Gov. Paul LePage today declared a statewide emergency to enable state, county and municipal governments to respond to the impact of Hurricane Irene, as Mainers across the state scrambled to prepare for the massive storm.

The National Weather Service issued a tropical storm watch from the mouth of the Merrimack River in Massachusetts to Eastport.

LePage’s proclamation authorizes state agencies to use all available resources and personnel as necessary to cope with the emergency situation. Forecasts showed the storm arriving in Maine on Sunday night.

LePage issued the disaster proclamation this afternoon after speaking with his emergency management team and other senior advisers.

“I urge all Maine citizens to take necessary steps to prepare and heed all warnings issued in connection with this event,” LePage said in a statement.

LePage said his office is receiving updates about the storm from with Maine Emergency Management Agency, the Federal Emergency Management Agency and the National Weather Service.

The state announced that all coastal Maine state parks and several inland parks – a total of 27 — will be closed for day use on Sunday in anticipation of Hurricane Irene’s arrival.

Campers at state park campgrounds throughout Maine also are being warned by park staff of the approach of the hurricane, which is expected to bring high winds and gusts of up to 70 mph and an anticipated 2-foot storm surge.

Workers with the Maine Bureau of Parks and Lands will be on duty to monitor the closed parks and to warn the public to stay away from the expected high winds and strong surf. Officials have already begun monitoring for erosion at Popham Beach State Park in Phippsburg.

Two Maine state parks, Warren Island State Park, located in Penobscot Bay off Lincolnville, and Eagle Island State Historic Site, located off South Harpswell, will close Saturday. Campers at Warren Island are being evacuated off the island, and staff are leaving both islands, according to the Maine Bureau of Parks and Lands.

The National Park Service announced today that it will close the Blackwoods and Seawall Campgrounds at Acadia National Park at 10 a.m. on Sunday because of the predicted path of the hurricane.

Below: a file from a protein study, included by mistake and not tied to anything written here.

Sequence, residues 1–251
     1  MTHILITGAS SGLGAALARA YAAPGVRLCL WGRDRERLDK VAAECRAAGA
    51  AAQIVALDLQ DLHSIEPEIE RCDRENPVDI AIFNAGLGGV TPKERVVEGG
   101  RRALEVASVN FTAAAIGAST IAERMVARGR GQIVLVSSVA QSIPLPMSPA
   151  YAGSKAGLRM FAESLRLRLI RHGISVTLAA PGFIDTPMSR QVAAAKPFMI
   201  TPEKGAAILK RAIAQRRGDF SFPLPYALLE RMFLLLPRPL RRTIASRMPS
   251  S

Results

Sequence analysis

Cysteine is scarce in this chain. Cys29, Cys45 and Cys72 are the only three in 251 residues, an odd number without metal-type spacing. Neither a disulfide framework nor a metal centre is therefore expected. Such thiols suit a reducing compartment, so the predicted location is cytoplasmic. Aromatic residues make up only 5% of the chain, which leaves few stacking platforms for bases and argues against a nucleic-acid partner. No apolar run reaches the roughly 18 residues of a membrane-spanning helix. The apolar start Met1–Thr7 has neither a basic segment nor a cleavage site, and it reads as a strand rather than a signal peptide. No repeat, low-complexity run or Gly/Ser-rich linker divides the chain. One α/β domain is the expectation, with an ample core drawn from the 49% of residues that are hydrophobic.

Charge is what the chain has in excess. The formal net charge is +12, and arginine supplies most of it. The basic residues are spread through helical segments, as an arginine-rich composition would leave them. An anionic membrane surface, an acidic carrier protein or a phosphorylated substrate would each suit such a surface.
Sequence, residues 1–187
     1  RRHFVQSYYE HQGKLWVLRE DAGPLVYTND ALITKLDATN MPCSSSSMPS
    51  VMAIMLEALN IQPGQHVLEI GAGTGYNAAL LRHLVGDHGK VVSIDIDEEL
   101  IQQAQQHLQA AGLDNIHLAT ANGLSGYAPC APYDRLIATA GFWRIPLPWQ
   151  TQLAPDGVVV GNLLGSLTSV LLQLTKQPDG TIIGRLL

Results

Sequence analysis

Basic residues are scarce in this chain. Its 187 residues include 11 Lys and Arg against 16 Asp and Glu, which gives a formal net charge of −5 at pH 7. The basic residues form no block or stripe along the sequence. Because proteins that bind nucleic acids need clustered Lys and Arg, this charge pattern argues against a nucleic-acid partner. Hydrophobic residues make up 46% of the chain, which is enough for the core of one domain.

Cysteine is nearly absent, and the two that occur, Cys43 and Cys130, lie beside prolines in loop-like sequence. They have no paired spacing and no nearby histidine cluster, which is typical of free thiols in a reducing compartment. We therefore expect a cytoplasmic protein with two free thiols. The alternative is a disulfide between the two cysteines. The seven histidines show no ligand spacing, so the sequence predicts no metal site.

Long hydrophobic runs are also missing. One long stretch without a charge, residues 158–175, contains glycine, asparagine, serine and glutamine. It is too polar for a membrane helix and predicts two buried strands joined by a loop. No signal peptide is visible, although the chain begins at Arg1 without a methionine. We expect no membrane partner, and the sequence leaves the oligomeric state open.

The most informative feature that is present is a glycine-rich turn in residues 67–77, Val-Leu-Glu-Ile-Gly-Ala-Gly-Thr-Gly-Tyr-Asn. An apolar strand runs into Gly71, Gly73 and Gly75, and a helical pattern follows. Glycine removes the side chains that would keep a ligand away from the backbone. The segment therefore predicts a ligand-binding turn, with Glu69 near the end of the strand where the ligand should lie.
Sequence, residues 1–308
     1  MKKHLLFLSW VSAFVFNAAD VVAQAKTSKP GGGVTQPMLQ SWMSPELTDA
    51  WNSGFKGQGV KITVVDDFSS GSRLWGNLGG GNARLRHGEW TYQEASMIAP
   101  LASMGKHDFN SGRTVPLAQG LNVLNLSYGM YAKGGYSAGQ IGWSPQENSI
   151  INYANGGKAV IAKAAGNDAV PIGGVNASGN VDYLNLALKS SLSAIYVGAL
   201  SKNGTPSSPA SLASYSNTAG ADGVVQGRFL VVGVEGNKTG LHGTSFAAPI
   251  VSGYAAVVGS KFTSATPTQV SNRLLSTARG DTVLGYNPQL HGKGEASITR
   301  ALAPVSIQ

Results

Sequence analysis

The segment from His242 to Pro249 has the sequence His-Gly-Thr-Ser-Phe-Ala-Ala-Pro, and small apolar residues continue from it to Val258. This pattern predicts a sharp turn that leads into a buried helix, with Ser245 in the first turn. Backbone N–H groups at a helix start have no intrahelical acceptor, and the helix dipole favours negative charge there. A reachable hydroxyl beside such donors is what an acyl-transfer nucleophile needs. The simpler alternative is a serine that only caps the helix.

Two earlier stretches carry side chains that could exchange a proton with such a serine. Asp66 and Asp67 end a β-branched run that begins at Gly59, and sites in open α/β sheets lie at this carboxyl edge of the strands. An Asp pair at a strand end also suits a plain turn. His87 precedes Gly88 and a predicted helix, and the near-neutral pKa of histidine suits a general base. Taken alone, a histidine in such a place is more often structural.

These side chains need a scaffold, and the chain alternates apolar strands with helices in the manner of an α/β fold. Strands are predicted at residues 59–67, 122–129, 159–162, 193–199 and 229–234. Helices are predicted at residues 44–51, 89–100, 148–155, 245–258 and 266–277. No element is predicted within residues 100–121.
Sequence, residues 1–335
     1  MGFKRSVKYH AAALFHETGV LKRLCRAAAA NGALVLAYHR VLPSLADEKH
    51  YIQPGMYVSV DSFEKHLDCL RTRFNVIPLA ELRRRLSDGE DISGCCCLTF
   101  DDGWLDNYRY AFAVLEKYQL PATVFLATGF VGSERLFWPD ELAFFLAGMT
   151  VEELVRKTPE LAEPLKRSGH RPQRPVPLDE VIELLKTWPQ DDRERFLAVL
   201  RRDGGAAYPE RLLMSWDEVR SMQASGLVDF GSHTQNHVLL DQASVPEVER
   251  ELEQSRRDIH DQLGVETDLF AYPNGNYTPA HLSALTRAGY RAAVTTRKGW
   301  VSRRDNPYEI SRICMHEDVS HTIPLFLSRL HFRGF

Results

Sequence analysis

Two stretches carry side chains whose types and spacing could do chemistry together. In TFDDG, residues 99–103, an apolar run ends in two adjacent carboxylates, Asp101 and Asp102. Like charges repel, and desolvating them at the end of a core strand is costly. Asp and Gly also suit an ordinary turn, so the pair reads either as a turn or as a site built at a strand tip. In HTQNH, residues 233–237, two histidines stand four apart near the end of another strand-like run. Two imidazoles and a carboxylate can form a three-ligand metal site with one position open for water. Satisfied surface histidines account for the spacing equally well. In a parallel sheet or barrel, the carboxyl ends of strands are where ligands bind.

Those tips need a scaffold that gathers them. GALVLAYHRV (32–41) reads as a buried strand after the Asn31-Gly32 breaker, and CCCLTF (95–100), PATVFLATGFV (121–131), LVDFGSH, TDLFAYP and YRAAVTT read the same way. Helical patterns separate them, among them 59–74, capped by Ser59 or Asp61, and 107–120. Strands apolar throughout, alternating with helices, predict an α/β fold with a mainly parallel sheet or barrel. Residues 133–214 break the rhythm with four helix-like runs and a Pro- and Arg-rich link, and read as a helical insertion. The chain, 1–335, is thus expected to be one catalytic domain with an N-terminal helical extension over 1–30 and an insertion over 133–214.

The campgrounds will reopen when the storm has passed.

In addition, the Duck Harbor Campground on Isle au Haut will close on Saturday at 11 a.m. and will reopen when conditions are safe.

In Portland, city crews are preparing for Irene by clearing catch basins and cutting tree limbs. Floating docks will be transported from Great Diamond Island and Little Diamond Island and secured at city docks at the Maine State Pier on Saturday.

Portland officials today urged residents to prepare for the hurricane by collecting emergency supplies, such as a radio, a flashlight and nonperishable food. Officials also urged residents to bring any outdoor furniture inside their house to prevent it from becoming a projectile.

Mayor Nicholas Mavodones said residents should offer assistance to their elderly neighbors.

“This is a time to reach out and offer a helping hand,” Mavodones said at a press conference at City Hall.

Portland Fire Chief Fred LaMontagne said the highest danger for the harbor and islands will occur on Sunday at high tide at 11 p.m.

City officials said they have yet to determine whether they plan to open any shelters. Officials will hold a press conference at 10 a.m. on Saturday.

For non-emergency needs, people should call public services dispatch at 874-8493. People should call 911 for any emergencies, Mavodones said.

Casco Bay Lines will suspend vehicle service to Peaks Island at some point on Sunday. The Bailey Island Cruise and Bailey Island Noontime Cruise have been canceled for Sunday.

The storm will bring an unusually high tide of 11 feet, accompanied by a storm surge of 2 feet, plus high winds and rogue waves that could do extensive damage to vulnerable sections of Maine’s coast, according to Stephen Dickson, a marine geologist with the Maine Geological Survey.

“This is the Patriot’s Day Storm of April 2007 all over again, with a shorter duration and stronger wind,” Dickson said today in a statement. “We now are evaluating potential beach erosion damage in comparison to past storms.”

The storm could also cause some bank erosion, slope failures and potentially small landslides occurring along the coast or riverbanks due to flooding and several inches of rainfall, Dickson said.
He said the beach erosion will be similar to some past nor’easters.

Opening of the Windsor Fair will not occur Sunday, prompted by safety concerns from a strengthening Hurricane Irene.

The fair’s board decided this morning to postpone the opening of the fair to 1 p.m. Monday to allow the wind and rain to pass and give exhibitors time to set up on Monday morning.